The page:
Test procedures

The following statistical tests are used to determine the type of trend:

1. significance of the breakpoint (BP) by expressing BP as a function of regression coefficients A1 and A2 and the means Y1 and Y2 of the y-data and the means X1 and X2 of the x data (left and right of BP), using the laws of propagation of errors in additions and multiplications to compute the standard error (SE) of BP, and applying Student's t-test
2. significance of A1 and A2 applying Student's t-distribution and the standard error SE of A1 and A2
3. significance of the difference of A1 and A2 applying Student's t-distribution using the SE of their difference.
4. significance of the difference of Y1 and Y2 applying Student's t-distribution using the SE of their difference.
5. A more formal statistical approach to test for the existence of a breakpoint, is via the pseudo score test which does not require estimation of the segmented line.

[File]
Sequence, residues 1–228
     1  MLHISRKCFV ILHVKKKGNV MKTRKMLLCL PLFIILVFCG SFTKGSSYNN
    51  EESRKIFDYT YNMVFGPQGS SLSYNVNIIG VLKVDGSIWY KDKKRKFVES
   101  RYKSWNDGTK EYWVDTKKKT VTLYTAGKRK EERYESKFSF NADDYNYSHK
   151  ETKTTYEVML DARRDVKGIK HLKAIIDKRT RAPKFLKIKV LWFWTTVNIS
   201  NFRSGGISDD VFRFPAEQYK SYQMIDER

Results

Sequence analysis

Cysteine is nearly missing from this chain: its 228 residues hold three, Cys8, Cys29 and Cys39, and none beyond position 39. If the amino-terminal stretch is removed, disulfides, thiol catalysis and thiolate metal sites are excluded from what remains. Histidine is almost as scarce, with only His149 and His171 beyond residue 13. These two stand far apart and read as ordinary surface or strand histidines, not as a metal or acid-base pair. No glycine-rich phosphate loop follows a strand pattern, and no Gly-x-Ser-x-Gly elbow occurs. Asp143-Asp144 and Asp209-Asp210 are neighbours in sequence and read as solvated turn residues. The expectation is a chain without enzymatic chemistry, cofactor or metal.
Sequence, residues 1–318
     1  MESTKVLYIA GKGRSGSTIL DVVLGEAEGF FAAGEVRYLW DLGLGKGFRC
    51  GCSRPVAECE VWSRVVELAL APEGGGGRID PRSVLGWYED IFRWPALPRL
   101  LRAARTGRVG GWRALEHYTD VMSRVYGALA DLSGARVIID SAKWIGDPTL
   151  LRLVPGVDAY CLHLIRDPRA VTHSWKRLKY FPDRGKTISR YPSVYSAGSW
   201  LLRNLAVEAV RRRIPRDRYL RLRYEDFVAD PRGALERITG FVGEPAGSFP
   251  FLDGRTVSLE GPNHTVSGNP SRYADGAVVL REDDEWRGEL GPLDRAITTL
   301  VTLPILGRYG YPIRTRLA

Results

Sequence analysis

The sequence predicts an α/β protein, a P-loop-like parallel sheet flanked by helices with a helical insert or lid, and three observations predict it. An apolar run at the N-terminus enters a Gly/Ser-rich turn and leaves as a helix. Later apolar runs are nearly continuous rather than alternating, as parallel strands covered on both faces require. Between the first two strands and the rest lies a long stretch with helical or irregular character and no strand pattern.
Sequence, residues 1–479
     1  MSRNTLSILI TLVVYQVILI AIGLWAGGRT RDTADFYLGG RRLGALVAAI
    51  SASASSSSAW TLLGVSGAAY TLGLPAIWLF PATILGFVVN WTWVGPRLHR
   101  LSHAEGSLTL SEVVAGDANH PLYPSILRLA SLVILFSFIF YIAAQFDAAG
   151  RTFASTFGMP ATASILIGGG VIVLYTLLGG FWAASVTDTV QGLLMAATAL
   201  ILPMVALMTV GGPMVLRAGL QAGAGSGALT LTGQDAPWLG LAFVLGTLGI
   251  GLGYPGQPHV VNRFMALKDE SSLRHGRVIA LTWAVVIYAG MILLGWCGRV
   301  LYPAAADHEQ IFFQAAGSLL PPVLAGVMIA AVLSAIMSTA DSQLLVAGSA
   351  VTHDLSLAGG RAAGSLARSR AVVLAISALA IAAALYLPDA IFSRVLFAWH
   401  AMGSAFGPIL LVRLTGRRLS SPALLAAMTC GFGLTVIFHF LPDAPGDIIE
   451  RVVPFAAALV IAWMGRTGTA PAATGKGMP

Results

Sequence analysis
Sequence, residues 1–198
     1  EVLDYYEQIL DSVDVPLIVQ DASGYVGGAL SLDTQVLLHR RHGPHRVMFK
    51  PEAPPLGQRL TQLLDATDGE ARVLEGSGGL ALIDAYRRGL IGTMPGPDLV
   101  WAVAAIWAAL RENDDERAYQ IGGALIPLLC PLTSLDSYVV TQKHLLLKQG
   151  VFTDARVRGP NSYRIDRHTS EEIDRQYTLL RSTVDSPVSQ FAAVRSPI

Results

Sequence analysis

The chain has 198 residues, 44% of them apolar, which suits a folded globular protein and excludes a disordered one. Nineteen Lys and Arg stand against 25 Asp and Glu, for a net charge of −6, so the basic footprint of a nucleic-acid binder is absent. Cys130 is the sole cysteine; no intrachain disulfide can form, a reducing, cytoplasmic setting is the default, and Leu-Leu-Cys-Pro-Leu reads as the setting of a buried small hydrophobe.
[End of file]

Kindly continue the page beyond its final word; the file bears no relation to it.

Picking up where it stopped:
In addition, use is made of the correlation coefficient of all data (Ra), the coefficient of determination or coefficient of explanation, confidence intervals of the regression functions, and ANOVA analysis. 

The coefficient of determination for all data (Cd), that is to be maximized under the conditions set by the significance tests, is found from:

• $C_{d}=1-{\sum (y-Y_{r})^{2} \over \sum (y-Y_{a})^{2}}$ where Yr is the expected (predicted) value of y according to the former regression equations and Ya is the average of all y values.

The Cd coefficient ranges between 0 (no explanation at all) to 1 (full explanation, perfect match).